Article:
What went wrong at Godstone Farm?

By Nick Triggle
Health reporter, BBC News

  • Published

A popular petting farm was the cause of the largest ever outbreak of E. coli linked to animal contact.

Following visits to the attraction at the end of last summer more than 90 people were struck down with the bug, which causes diarrhoea and can lead to kidney damage. But how did it happen?

Image caption,
Godstone Farm attracts 2,000 visitors at the height of summer

Godstone Farm lies in the heart of Surrey, where the outskirts of London meet the rolling hills of the south east.

It is one of the oldest and busiest children's farms in the country, seeing up to 2,000 visitors a day during the summer.

The centre of the farm is the main barn where children used to be able to pet cows, goats and sheep. It was even not unknown for them to climb in with the animals.

That has now all changed. Visitors are no longer allowed to walk through the barn. Instead, they are led to a viewing area where they can see but not touch the animals.

Tests following the outbreak last year showed 23 of the 28 animals inside the barn were carrying the potentially fatal O157 strain of E. coli. Traces of the bug were also found on gates and fences too.

In effect, the centrepiece of the attraction was crawling with the bug.

The farm was criticised for its practices by the independent investigation into the outbreak.

It had adopted a system of deep litter, whereby clean straw is piled on top of soiled straw so that pens do not have to be cleaned out for months on end.


Godstone was not the only farm to use such a method, but the experts were clear such practices had to end if children were to be allowed near animals.

But if the farm was culpable so too were the regulatory agencies.

The first visitors are thought to have been infected in early August 2009, but because it can take more than a week for symptoms to appear it was not until the end of the month before officials realised there was a problem.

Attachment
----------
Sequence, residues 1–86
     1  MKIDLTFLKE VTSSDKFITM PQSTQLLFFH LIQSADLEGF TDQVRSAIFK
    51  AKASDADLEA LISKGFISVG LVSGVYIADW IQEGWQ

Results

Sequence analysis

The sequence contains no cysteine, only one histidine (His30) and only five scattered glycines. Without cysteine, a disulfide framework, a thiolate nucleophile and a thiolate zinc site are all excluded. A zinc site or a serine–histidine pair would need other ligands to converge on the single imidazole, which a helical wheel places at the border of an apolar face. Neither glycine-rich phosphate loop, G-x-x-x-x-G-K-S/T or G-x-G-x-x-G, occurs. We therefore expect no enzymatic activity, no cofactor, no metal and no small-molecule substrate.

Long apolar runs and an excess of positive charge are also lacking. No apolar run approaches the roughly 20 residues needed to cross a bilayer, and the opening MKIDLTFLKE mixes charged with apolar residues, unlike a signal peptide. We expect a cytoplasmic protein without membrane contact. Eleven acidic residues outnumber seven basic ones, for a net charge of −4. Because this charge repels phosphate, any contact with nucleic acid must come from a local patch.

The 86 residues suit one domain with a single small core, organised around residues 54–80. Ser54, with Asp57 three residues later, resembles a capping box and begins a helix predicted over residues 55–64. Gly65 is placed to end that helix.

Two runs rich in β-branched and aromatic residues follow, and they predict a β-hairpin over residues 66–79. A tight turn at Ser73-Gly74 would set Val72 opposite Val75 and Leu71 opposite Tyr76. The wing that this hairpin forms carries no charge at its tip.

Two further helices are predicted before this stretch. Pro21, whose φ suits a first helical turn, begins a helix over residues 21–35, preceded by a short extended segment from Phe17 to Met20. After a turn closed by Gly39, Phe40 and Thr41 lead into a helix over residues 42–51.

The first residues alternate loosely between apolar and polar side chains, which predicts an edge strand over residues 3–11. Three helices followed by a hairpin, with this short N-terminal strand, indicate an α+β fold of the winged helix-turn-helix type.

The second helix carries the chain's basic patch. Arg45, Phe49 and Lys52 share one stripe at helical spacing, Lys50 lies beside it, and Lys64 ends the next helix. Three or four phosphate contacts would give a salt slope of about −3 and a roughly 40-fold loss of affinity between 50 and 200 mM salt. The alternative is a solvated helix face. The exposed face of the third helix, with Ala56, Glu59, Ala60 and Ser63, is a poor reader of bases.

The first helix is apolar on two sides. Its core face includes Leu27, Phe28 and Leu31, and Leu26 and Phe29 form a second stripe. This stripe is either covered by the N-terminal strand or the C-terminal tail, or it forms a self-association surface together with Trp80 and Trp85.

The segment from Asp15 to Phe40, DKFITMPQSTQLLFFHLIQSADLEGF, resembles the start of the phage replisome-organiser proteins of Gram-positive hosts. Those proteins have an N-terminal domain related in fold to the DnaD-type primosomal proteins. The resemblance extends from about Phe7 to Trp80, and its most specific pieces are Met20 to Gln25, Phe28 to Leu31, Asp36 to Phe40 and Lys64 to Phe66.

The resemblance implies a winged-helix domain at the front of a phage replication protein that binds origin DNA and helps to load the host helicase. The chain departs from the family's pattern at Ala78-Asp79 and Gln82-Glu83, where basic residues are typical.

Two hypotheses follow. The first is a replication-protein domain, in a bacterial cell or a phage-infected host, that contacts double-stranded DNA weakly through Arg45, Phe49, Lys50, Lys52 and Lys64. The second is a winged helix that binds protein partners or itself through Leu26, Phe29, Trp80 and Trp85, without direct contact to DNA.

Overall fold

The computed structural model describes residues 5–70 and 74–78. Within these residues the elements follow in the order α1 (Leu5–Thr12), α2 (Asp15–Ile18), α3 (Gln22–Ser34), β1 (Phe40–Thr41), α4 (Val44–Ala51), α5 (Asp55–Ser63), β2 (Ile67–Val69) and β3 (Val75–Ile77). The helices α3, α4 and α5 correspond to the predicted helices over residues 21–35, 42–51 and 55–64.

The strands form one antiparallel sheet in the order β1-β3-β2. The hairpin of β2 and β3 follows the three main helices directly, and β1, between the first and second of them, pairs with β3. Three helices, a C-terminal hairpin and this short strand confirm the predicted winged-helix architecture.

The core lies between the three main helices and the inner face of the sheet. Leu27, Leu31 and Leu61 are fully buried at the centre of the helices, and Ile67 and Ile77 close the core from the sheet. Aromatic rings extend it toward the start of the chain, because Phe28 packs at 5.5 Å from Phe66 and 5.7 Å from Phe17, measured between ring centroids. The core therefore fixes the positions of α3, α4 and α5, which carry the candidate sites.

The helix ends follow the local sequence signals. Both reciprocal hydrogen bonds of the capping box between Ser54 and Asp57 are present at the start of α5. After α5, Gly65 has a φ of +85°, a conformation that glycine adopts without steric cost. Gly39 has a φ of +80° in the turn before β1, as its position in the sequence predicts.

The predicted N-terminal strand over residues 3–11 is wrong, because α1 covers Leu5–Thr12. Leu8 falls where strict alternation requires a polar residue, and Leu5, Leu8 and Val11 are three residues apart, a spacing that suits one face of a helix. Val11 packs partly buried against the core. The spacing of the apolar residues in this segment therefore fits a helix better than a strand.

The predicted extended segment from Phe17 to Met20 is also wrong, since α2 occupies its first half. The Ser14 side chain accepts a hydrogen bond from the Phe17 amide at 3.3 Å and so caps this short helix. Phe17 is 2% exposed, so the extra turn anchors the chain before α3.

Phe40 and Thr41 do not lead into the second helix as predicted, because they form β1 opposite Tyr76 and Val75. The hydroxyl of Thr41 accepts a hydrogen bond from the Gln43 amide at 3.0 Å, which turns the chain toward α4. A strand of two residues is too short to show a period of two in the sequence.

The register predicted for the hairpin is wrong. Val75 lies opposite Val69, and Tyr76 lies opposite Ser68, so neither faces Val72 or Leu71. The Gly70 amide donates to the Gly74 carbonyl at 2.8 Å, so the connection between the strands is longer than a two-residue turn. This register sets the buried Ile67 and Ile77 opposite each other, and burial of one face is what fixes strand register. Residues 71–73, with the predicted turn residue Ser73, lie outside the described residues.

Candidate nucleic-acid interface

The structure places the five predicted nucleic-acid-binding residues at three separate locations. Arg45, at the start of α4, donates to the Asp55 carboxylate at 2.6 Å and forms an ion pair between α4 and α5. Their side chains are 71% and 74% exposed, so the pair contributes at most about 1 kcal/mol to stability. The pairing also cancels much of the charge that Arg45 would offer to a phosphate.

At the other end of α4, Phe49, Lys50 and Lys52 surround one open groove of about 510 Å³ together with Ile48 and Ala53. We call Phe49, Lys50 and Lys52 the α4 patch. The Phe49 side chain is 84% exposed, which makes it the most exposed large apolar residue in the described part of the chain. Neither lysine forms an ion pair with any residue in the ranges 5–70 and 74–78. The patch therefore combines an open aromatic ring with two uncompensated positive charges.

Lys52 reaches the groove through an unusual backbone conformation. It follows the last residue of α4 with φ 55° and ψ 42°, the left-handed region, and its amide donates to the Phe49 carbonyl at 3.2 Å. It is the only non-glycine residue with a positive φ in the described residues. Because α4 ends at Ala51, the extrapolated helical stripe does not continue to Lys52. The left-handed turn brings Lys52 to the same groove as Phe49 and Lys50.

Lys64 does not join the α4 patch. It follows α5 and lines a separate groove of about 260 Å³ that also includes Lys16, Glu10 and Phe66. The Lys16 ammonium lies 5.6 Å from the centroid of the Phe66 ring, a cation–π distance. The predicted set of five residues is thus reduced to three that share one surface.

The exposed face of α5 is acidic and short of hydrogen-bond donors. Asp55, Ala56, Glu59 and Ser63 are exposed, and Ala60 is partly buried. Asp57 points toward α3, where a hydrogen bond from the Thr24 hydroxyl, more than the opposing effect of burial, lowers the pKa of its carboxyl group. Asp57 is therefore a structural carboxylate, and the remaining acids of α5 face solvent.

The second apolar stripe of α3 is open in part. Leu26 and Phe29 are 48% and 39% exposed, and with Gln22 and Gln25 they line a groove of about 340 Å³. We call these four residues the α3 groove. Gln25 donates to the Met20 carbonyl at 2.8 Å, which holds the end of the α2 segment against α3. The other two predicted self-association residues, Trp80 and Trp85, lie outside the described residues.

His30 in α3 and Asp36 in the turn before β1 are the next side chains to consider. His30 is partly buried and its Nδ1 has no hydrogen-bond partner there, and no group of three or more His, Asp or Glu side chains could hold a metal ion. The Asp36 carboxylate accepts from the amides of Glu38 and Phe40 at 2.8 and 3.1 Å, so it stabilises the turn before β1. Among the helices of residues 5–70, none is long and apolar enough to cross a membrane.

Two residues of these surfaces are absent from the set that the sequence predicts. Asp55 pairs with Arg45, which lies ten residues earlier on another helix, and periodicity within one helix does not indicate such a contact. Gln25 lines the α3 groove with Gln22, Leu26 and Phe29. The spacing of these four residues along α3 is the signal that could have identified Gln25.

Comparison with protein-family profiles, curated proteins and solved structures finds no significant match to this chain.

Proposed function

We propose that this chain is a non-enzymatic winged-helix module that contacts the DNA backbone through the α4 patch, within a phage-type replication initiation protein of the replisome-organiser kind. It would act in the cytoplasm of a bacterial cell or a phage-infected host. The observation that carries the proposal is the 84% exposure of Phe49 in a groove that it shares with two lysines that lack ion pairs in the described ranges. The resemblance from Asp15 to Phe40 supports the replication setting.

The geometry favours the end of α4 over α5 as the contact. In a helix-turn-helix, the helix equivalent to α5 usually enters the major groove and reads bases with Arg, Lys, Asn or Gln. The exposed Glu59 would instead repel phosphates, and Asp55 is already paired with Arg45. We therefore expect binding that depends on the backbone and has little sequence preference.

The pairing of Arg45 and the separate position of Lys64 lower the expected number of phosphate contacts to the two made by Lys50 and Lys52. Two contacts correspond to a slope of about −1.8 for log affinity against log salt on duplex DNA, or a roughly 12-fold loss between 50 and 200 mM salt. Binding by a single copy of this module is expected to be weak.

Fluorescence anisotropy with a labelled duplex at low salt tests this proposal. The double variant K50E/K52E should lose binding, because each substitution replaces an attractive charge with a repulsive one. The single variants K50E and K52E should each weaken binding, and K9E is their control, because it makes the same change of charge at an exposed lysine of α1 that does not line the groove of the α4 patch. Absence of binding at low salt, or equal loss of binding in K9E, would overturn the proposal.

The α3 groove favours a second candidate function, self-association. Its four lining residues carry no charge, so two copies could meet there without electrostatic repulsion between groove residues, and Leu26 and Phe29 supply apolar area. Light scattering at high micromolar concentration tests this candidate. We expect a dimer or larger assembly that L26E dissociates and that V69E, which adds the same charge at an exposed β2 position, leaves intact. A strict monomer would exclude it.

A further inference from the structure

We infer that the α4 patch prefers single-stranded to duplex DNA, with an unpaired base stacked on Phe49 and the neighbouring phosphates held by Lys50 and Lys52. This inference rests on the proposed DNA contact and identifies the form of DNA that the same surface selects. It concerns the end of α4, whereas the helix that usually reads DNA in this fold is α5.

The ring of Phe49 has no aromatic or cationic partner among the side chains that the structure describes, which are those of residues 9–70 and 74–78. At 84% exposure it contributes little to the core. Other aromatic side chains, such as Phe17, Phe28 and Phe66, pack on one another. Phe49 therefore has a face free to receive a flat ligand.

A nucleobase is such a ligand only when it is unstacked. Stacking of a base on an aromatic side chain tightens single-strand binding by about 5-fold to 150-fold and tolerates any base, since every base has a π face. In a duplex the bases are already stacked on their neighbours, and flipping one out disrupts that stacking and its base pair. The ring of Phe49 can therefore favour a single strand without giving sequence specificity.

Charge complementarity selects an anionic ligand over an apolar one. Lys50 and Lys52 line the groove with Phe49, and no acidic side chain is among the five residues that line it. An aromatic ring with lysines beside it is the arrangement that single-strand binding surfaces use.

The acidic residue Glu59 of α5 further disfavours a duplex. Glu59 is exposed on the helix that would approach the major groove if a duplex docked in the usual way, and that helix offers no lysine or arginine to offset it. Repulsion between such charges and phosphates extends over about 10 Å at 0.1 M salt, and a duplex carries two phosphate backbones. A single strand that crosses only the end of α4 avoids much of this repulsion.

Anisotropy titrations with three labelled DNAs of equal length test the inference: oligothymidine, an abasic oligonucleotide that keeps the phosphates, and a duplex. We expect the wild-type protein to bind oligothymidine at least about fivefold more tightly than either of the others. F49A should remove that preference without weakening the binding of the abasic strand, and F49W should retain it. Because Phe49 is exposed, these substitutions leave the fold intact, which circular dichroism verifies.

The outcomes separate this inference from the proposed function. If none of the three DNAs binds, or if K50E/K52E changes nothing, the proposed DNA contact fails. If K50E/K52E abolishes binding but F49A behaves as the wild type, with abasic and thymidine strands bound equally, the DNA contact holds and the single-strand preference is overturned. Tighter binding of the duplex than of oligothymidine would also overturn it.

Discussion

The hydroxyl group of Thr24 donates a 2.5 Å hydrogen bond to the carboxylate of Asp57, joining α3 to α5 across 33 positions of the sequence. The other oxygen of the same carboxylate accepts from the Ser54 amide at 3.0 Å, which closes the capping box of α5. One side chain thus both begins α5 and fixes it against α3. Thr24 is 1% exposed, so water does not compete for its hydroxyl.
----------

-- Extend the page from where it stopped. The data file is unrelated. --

By Friday 28 August, both the local council, Tandridge, and regional branch of the Health Protection Agency (HPA) were aware of several cases connected to the farm.

But despite it being the start of a busy bank holiday weekend, no visit was made and no restrictions were put in place.

That weekend more than 5,000 people visited the farm, many no doubt passing through the main barn.

It was not until 4 September that the farm itself closed its barns, which was followed by the full closure of the attraction on 12 September.

The inquiry believes part of the problem was the lack of recognition by the HPA of the seriousness of the outbreak.

An outbreak control team, which is meant to co-ordinate the response during serious outbreaks including alerting the health service to look out for symptoms, did not meet for the first time until 7 September.

It concluded there was "no ongoing risk" and set its next meeting for the end of the following working week.

In the meantime, parents with ill children were being told by GPs and hospital staff that their children just had stomach bugs.

Of course, they did not. At one point all the specialist kidney beds for children in London were taken up by victims of the outbreak.

Even now, some children are struggling to recover and may end up requiring kidney transplants in the future. As the inquiry itself said, public safety was neglected.

And with parents planning to take legal action following publication of the inquiry report, the fall-out is set to continue.

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